Johnson City Press: UT researchers link weedkiller mixing, temperature to widespread crop damage
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UT researchers link weedkiller mixing, temperature to widespread crop damage

Jonathan Roberts • Jun 19, 2019 at 6:13 PM

Scientists with the University of Tennessee’s Institute of Agriculture may have found what caused a popular weedkiller to damage and destroy thousands of acres of crops across the country, prompting some states to restrict or ban its use entirely.

Dicamba, a weedkiller used on genetically modified, dicamba-resistant crops (such as cotton and soybeans) to kill weeds that have developed a resistance to glyphosate, became a hot-button issue in 2017, when thousands of farmers and environmentalists filed complaints about dicamba’s propensity to drift, sometimes moving up to a mile from where it was originally sprayed. In 2017, there were 132 investigations in Tennessee regarding dicamba drift, affecting roughly 400,000 acres of crops, according to the University of Missouri’s Department of Agriculture.

Dicamba drift occurs when it fails to properly stick to the crops where it’s applied, sometimes drifting up to a mile from where it was originally sprayed and having catastrophic effects on crops that aren’t resistant to the weedkiller. New research from UTIA though, suggests there’s two main contributors to dicamba volatility: temperature and the addition of another weedkiller, glyphosate. 

“What we found was that when one mixes Roundup (glyphosate) with dicamba, the pH is lowered, and this causes more potential volatility and may end up with more off target movement,” said Tom Mueller, a professor with UT’s Department of Plant Sciences and one of the lead researchers on the study.

Glyphosate, which has been the subject of lawsuits alleging the product causes cancer and is made by the same company, was one of the most popular weed killers on the market, and farmers would often mix glyphosate and dicamba to control a wider range of weed species. With the new data, however, Mueller and other scientists who worked on the study are suggesting farmers no longer mix the two herbicides.

“I think when a farmer is spraying near sensitive areas, like near other crops or type of sensitive plants, then I would advise them to not add glyphosate into the tank, based on our studies,” Mueller said.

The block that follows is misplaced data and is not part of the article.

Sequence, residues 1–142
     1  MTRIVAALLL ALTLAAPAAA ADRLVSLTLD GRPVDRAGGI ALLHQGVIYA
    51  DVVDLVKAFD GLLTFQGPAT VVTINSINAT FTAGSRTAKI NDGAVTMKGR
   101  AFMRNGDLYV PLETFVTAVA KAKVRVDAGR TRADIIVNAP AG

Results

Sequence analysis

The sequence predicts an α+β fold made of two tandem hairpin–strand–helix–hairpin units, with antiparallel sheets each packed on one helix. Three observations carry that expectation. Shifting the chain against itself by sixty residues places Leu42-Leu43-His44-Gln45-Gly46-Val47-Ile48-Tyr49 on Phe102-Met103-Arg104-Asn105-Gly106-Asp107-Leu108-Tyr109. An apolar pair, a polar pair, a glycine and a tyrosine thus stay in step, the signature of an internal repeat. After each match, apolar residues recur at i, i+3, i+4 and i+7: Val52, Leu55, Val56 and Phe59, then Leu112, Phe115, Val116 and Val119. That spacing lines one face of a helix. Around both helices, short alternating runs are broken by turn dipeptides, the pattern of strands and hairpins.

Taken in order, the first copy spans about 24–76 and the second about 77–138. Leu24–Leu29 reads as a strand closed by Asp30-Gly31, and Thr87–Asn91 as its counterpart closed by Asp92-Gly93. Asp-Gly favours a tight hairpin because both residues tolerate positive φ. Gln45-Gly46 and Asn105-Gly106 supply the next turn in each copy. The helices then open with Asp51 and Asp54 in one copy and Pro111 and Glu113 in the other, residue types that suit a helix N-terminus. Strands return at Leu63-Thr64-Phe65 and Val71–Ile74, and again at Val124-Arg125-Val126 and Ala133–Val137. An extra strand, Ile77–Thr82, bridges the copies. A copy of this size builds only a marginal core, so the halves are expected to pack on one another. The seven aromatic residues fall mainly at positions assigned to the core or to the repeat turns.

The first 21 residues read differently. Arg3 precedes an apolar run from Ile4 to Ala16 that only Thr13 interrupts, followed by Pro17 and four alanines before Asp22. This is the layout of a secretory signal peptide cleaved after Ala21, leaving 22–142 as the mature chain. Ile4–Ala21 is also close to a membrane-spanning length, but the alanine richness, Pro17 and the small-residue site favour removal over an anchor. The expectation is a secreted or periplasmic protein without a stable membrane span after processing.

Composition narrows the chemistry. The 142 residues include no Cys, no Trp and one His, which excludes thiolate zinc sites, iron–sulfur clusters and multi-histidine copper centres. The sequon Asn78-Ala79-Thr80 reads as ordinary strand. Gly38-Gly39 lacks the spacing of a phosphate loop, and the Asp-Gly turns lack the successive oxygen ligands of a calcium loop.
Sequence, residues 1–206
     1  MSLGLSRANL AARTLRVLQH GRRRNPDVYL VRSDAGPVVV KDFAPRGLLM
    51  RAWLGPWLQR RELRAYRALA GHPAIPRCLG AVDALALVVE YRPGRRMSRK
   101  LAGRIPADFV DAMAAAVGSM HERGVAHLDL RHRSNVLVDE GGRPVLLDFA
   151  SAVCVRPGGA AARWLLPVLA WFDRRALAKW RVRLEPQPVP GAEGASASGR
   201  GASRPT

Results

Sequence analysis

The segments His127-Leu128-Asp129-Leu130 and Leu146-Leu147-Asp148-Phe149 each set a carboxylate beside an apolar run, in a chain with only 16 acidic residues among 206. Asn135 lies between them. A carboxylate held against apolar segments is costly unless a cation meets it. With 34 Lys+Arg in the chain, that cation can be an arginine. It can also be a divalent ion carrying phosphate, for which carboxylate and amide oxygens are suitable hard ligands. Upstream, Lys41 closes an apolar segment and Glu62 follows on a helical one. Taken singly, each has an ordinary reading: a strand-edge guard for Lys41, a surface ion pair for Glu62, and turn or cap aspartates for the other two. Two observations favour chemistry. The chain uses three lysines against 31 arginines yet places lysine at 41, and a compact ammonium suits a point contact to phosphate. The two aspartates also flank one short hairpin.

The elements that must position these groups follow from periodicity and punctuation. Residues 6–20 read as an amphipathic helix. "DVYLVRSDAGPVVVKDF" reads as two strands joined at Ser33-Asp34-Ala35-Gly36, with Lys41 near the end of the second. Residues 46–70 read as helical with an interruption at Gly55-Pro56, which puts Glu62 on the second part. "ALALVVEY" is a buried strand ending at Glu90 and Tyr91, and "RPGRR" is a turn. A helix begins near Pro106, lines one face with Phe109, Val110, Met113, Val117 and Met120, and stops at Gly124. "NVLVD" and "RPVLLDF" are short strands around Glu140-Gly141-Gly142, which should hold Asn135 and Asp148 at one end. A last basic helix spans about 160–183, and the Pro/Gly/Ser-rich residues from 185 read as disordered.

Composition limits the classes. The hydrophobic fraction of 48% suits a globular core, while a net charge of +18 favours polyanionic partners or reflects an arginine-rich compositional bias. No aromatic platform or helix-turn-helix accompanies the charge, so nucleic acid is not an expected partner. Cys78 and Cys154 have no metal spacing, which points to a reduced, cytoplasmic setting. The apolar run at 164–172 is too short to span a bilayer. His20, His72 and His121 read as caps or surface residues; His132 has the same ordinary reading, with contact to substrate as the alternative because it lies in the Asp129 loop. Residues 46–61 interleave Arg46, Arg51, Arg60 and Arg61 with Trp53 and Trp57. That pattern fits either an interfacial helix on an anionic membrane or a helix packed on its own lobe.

Tennessee — one of the first states to enact restrictions on dicamba use — has restrictions still in place, but largely follows the EPA guidelines put forth in October, which label dicamba as a “restricted-use” product.

“We at the Department (of Agriculture) have advised and fallen in line with federal guidelines for application of over-the-top use of dicamba,” said Will Freeman, public information officer at the Tennessee Department of Agriculture. “The federal guidelines do not require limitations for this topic, but we’re working with UT to recommend it.”

Those recommendations include not using dicamba in conjunction with glyphosate, and avoiding its use when temperatures rise above 85 degrees. Still, these are just recommendations, though Freeman noted that “there’s potential for change after this year.”

The Tennessee Department of Agriculture says that there have been four complaints regarding dicamba drift in 2019, mostly affecting trees and personal gardens — not large-scale farms. That number is a “good amount” compared to previous years, which officials say proves the training and protocols in place have been effective. Freeman did note that those statistics could change “next week,” but those numbers are in line with a decline in dicamba drift-related complaints. At this time last year, there were 14 investigations of alleged dicamba drift, affecting 2,000 acres.  

As for whether this data will further impact glyphosate’s popularity, Freeman said the Department of Agriculture isn’t “able to speculate on upcoming changes in glyphosate usage among Tennessee farmers.” Mueller, meanwhile, said that glyphosate is still an “extremely important herbicide” and that he believes it has a “long history ahead it of it.”

Lawsuits have been filed against both the EPA and Bayer — the parent company of Monsanto, which makes both glyphosate and dicamba — with the one against the EPA being dismissed earlier this year. The lawsuit against Bayer, however, alleges that the company violated antitrust laws when it introduced DT soybeans, which make up well over half of the U.S. soybean crop.

Editor’s note: This story has been corrected from an earlier version to note there were four complaints of dicamba drift so far in 2019, not five, as was originally reported.

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